Fighter's History makes other Street Fighter II wannabes look like sloppy thieves. Call it plagiarism (Capcom did by filing an unsuccessful lawsuit against Data East), but Fighter's History has stood the test of time better than its clunky contemporaries: Fatal Fury, World Heroes, Art of Fighting, Clay Fighter, etc. Fighter's History deserves to be called the most underrated fighting game of its era and tops most of the competition on the SNES.
Tighter gameplay separates Fighter's History from other Street Fighter II clones that didn't even get the foundation right. The special moves and combos in Fighter's History simply feel more responsive than the norm. The game isn't smoother than Capcom or SNK's best, but then again, what is?
Fighter's History is all about doing more with less, which makes the game more thoughtful than one might expect. With nine playable characters, the 16-bit fighter doesn't have the selection of Samurai Shodown or Mortal Kombat II (though it easily has more depth than the latter). Some characters only have two special moves, so it's up to the player to find good combinations and strategies. In many cases, the special moves merely supplement the regular attacks. For example, projectiles are easier to counter than they are in Street Fighter games, so don't expect many fireball fights. In general, special moves don't carry as much priority in Fighter's History, though air throws and certain charging attacks (such as Ray's "Dynamite!") can be pesky.
Special moves might also prove to be less important due to Fighter's History innovation: Weak points. That is, developing strategies to attack an opponent's weak point might prove smarter than spamming special moves that can be easily blocked. The weak point varies from character to character - it can be a headband or even someone's shoes. If you strike an opponent's weak point enough, the article will start flashing and, if hit again, fly off. At this point, your opponent falls down and becomes dizzied. Once a weak point is exposed, a fighter can be knocked out quickly without good defense. Weak points create some interesting dynamics. For example, a character with a weak point on his or her head can be exploited by Samchay (the Sagat clone), whose standard grappling maneuver is repeated elbows to the head.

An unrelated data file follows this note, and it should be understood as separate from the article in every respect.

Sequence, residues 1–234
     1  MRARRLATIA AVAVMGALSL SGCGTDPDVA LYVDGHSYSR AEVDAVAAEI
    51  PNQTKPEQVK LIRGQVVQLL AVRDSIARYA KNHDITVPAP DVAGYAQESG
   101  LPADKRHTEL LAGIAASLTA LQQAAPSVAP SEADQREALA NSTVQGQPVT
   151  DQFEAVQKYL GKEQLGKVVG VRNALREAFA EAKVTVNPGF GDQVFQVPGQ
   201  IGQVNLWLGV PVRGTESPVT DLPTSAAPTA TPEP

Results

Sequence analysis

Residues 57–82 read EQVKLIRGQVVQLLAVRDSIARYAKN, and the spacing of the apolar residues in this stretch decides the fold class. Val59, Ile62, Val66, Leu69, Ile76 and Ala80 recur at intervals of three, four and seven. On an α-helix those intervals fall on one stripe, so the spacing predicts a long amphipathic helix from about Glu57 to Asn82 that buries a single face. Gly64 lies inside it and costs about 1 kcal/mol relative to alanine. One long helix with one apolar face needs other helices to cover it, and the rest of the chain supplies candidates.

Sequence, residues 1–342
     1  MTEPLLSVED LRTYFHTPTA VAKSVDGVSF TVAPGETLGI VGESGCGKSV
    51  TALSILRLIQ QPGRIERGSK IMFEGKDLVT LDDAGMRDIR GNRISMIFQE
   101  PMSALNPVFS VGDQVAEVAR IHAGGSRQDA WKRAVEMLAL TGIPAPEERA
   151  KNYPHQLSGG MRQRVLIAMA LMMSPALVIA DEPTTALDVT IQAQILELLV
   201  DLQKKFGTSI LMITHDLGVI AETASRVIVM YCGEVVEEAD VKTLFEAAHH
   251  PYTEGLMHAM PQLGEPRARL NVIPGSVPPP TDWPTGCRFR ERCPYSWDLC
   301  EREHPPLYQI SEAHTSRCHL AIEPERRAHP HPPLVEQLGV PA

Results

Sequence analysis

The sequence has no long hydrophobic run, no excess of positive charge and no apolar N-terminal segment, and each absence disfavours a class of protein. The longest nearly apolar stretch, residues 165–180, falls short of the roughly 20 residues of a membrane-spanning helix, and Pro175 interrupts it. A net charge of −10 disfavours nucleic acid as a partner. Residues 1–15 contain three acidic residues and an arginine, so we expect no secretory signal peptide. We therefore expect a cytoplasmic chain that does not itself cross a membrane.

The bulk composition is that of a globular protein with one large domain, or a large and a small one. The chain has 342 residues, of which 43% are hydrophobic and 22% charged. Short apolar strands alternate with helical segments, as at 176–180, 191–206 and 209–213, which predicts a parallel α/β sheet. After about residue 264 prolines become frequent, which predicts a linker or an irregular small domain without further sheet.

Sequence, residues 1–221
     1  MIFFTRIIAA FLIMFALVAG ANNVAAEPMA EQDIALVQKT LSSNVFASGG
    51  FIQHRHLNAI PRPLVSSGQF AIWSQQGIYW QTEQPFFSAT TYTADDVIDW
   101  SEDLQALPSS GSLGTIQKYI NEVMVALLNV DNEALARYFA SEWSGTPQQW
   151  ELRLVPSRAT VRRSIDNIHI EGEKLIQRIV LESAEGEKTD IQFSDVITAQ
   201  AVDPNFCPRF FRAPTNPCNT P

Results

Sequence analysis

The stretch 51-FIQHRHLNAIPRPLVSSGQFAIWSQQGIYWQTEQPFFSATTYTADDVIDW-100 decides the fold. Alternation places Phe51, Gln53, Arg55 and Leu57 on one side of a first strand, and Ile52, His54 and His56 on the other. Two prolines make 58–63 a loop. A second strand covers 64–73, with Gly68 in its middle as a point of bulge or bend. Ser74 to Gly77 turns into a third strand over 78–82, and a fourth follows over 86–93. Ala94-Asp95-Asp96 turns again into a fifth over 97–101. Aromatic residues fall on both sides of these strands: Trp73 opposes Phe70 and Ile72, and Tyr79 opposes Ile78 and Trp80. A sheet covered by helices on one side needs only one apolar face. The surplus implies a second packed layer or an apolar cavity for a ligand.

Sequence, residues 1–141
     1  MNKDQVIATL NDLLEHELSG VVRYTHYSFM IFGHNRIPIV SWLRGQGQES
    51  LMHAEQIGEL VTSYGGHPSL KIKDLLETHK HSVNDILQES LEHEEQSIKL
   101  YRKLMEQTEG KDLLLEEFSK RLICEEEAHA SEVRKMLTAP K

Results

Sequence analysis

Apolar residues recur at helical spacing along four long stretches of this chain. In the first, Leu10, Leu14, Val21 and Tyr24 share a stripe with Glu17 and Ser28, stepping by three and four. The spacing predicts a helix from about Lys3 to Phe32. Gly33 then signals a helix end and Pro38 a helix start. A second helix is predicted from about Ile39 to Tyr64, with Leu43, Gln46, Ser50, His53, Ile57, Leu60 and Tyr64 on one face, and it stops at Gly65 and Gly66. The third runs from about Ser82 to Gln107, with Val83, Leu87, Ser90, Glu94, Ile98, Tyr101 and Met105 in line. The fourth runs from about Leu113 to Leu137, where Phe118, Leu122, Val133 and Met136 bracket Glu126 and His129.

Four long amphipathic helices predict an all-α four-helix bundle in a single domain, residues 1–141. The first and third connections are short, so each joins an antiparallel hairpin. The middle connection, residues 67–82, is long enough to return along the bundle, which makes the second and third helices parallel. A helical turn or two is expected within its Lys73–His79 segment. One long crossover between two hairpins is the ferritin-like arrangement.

The similarities to Street Fighter II inspired a lawsuit, but they're fairly charming today. Not only does Fighter's History have a Ryu clone named Mizoguchi, but the music from Mizoguchi's stage is reminiscent of the music found in Ryu's level. At the same time, Mizoguchi feels like more of a bruiser than Ryu; his special uppercut, for instance, doesn't leave the ground. Even though Fighter's History is ultimately its own game, spotting and hearing all the bits from Street Fighter II is part of the fun. The references even show up in unexpected spots (Sagat's chant of "Tiger!" takes its place with Marstorious, the Zangief-esque wrestler from Italy).
This game doesn't push the limits of the Super NES in terms of graphics or sound, and its final boss is a Middle Eastern stereotype that can seem especially irresponsible in our post-9/11 landscape. But consider the philosophy of Fighter's History: Gameplay over everything else. It's a philosophy that many retro gamers will claim, yet Fighter's History remains a relatively forgotten fighter. The history book on classic fighting games needs revision.